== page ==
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With electric guitars, it's a common technique to bend the neck of the guitar with your hands to produce a subtle pitch change. It is often used with guitars without a whammy bar. Are there any noticeable side effects that come with doing this too much over time? Would this technique weaken the neck and cause it to snap eventually?

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Do not do this with an instrument you consider valuable. It is abuse. –  Kaz Mar 4 '13 at 4:06
    
Looks like the neck of guitar in the linked video will suffer long term adverse effects. :-P –  Ulf Åkerstedt Mar 4 '13 at 19:13
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3 Answers

Years ago I was friends with Adrian Belew, and I remember hearing him say that he once ruined the neck on a Stratocaster after repeated bending. But he kept on using this technique on other Strats.

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Actually, in that video it was the body that broke, not the neck. Also, this guitar didn't seem to be really great quality. I remember Tommy Emmanuel commenting on his neck-bending in a piece (on a Martin western guitar): "don't try that on a chinese instrument!".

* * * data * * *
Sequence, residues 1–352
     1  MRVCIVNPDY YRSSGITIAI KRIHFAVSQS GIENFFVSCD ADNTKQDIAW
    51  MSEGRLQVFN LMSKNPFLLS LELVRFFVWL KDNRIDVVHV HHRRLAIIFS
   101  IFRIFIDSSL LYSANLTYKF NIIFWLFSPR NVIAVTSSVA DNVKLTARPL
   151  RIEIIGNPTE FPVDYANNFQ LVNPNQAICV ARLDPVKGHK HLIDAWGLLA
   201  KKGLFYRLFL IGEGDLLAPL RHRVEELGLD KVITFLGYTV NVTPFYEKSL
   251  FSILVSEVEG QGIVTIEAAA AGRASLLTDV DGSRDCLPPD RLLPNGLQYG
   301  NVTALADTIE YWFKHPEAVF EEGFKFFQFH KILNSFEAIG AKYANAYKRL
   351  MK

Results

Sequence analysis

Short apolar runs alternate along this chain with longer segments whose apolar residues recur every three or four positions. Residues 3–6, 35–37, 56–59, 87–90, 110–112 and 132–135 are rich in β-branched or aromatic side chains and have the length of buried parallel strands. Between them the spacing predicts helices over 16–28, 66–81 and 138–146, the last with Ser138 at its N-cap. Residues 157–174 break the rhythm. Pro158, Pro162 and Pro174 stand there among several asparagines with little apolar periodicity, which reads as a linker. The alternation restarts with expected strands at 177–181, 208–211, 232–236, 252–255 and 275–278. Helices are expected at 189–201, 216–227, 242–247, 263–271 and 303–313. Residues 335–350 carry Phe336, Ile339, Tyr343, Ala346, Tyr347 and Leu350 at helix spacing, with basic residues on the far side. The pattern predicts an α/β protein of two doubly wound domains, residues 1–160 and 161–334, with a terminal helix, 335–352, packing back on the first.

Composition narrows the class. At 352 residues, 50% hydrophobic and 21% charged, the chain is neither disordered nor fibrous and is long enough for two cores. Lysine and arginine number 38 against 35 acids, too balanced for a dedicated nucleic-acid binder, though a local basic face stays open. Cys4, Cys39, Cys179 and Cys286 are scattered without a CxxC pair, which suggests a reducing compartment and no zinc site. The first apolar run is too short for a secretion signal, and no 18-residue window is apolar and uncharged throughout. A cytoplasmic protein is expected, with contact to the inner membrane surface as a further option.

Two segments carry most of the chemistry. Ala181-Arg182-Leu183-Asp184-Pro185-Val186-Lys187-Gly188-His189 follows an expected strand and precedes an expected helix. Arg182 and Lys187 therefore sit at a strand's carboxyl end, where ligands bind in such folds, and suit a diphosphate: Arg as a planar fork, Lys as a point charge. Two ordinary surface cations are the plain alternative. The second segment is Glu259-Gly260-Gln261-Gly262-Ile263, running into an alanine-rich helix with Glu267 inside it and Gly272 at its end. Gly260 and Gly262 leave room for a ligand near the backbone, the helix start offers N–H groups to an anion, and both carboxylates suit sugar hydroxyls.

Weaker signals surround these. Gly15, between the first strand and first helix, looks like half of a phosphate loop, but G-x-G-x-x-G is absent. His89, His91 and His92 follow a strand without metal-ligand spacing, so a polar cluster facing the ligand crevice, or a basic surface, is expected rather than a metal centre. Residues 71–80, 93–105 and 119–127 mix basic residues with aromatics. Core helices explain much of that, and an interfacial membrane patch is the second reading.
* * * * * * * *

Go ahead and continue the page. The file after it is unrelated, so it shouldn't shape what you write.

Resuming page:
You certainly won't be able to break the body of an electric guitar, but the neck or headstock... it's certainly possible.

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What seems to give first on an electric is the join between the neck and body:-/ –  Dr Mayhem Mar 8 '13 at 2:29
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@DrMayhem Any difference you experience between bolt-on vs. neck through guitars in this regard? –  NReilingh Mar 8 '13 at 19:03
    
Not in terms of how much force is required. I just don't have enough data. But in terms of damage, it is much easier to repair the join of a bolt-on than a through-neck. –  Dr Mayhem Mar 8 '13 at 21:22
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I have seen a nylon strung acoustic guitar neck snap doing this but an steel strung guitar has a truss rod strengthening the neck. However you may damage the neck anyway, or break the fixing to the body.

I do it on my warlock, occasionally but I keep it very minor. I would suggest not bending too far.

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